Don’t keep secrets that make you uncomfortable. Tell someone. By relaying this simple – yet invaluable – message to our children, we hope to keep them safe. We want our youth to know that adults who care about them will always work to protect them. Fostering a sense of safety and security in young people gives them confidence to step into new experiences and relationships. They may engage in school activities, play on sports teams, or join youth organizations.
The adults who facilitate youth programs serve as mentors, deemed deserving of their young charges’ trust. But sometimes, adults violate this trust. They harm our children. Over the past few years, media reports have confirmed our worst fears: our children are not safe. Catholic priests molest their congregants. Human traffickers lure children with promises of love and comfort, then trap them in lives of servitude. High profile sports doctors assault their patients. And recent allegations suggest that leaders in the Boy Scouts of America sexually violated thousands of children over the course of seven decades.
Some of these scouting victims did as we might hope: they confided in a trusted adult about their abuse. But when officials at Boy Scouts of America heard many of these reports, they chose to put the reputations of accused Scout leaders and the organization before the welfare of the children they served. We know this because the Boy Scouts kept records, tracking accusations against their volunteers in so-called “perversion files.” Many times, the Scouts failed to report these allegations to authorities. They kept accusations of abuse from the media and the public. Sometimes they placed suspected perpetrators on leave, allowing them to return to the organization after a period of “good behavior.” In an interview with National Public Radio, Jason Felch, a Los Angeles Times reporter who investigated the Boy Scouts’ files, states, “What’s clear is that the Boy Scouts had a relatively high bar for expelling a member.” Further, we have reason to believe the numbers of perpetrators and victims are far greater than the figures reflected in the files. The Daily Beast reports that an unknown number of Boy Scouts records were deliberately destroyed in the 1970s; in some cases, the Scouts disposed of files when the accused volunteers turned seventy, reasoning the men were too old to reoffend.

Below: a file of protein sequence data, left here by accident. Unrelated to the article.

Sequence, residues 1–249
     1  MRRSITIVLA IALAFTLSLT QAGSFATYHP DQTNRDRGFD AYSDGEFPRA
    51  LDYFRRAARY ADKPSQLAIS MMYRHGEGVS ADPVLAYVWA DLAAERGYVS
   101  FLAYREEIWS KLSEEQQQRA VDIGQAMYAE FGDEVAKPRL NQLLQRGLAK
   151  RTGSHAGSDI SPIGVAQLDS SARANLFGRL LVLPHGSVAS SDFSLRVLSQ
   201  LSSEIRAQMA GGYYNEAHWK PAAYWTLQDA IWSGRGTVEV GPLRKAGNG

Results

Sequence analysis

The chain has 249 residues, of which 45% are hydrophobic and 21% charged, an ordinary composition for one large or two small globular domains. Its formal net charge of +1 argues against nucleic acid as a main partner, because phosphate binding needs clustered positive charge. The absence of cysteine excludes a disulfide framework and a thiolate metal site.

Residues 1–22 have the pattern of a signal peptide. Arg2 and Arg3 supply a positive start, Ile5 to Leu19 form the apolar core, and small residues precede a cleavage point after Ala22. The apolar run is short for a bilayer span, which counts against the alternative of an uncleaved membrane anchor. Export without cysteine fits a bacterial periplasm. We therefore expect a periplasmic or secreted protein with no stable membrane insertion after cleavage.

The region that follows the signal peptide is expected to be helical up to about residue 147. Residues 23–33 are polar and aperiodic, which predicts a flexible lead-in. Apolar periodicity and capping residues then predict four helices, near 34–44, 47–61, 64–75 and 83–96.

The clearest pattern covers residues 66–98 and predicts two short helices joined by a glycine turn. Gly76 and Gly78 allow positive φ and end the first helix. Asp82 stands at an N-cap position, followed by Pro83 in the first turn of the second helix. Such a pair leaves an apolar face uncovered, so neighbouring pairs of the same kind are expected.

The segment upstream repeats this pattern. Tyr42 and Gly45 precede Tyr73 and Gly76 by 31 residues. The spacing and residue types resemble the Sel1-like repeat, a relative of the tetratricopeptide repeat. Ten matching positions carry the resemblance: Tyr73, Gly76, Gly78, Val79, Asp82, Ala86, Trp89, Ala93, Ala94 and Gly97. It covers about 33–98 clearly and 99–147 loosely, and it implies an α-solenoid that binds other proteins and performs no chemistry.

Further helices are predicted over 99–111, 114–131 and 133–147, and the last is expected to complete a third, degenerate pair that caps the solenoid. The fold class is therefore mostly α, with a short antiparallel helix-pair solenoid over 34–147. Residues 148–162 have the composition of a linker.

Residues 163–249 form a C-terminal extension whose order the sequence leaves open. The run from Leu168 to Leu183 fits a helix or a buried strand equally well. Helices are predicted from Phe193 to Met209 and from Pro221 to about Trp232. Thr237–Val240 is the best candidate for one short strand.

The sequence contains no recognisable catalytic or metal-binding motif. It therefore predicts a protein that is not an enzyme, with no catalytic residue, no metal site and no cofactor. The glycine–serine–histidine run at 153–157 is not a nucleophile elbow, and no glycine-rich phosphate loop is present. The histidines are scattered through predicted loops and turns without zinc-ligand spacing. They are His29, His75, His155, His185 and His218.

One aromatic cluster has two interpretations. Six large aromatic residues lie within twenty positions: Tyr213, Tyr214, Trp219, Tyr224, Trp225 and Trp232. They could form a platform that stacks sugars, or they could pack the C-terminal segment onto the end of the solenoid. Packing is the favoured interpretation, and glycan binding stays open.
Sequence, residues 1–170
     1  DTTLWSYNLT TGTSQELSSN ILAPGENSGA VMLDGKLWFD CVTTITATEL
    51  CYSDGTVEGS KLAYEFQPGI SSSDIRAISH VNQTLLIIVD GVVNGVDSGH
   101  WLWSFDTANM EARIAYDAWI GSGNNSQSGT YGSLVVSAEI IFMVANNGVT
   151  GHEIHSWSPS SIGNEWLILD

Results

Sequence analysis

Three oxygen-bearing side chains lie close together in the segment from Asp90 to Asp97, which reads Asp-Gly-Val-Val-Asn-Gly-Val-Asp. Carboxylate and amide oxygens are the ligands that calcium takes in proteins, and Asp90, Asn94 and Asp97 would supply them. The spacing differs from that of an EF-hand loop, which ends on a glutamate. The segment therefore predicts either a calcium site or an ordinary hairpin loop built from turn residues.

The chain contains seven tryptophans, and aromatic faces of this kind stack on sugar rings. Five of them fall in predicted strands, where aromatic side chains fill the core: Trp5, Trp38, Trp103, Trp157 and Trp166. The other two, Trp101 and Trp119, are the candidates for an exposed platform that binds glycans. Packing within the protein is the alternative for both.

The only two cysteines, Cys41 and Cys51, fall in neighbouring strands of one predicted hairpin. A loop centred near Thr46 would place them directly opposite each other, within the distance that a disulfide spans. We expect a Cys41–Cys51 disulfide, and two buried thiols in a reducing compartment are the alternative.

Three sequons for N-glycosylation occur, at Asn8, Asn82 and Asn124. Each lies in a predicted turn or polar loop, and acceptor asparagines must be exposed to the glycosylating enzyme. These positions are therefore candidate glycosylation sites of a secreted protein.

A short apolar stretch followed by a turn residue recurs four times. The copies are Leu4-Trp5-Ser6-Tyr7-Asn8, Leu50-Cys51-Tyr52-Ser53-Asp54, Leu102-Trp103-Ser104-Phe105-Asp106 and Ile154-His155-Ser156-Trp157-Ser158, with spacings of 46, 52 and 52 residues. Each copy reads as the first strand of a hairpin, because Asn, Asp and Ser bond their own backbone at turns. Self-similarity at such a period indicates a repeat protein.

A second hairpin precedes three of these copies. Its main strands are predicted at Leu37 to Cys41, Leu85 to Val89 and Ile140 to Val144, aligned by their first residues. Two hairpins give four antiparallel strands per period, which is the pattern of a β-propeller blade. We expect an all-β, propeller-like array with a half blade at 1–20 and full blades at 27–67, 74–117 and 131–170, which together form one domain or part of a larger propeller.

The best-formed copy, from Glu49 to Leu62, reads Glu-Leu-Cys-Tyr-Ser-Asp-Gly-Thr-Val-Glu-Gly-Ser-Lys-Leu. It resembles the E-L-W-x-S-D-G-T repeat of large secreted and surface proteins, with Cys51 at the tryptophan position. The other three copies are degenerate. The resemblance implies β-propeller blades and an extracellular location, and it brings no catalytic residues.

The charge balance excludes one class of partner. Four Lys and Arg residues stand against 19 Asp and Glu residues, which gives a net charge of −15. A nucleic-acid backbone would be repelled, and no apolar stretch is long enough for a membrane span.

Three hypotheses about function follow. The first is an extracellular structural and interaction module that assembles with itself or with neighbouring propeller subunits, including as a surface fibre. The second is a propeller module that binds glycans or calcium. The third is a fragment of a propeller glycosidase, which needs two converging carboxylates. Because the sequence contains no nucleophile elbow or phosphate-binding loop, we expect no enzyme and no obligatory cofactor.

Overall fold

The growing number of accusations against Boy Scouts leaders suggest that many of them did, indeed, reoffend. In response to criticism – and lawsuits – against the organization, the Boy Scouts asserts that known perpetrators would never be permitted to work with their scouting youth. The data in the perversion files certainly raise questions about that claim. In an official statement, the Boy Scouts contend that their scouting children’s safety is their highest priority. If this is the case, then why do the Scouts continue to hire lobbyists who attempt to weaken legislation that would support sexual abuse victims? The Washington Post reports that lobbyists working on behalf of the Boy Scouts have been active in Georgia, New York and Michigan. While trying to maintain a “low-profile” with their endeavors, Boy Scouts lobbyists have managed to slow down and weaken bills that would allow victims to hold their abusers accountable.
Don’t keep secrets. We are responsible for teaching this lesson to our children – not to a worldwide organization that purports to protect and nurture youth. The Boy Scouts of America failed their young Scouts. Again and again, the organization closed the book on allegations of sexual assault, choosing the preservation of its reputation over the welfare of victims and communities. It’s time to put an end to Boy Scout’s silence. If you or someone you know has been sexually abused by a member of the Boy Scouts, please reach out to our qualified attorneys for a free consultation.
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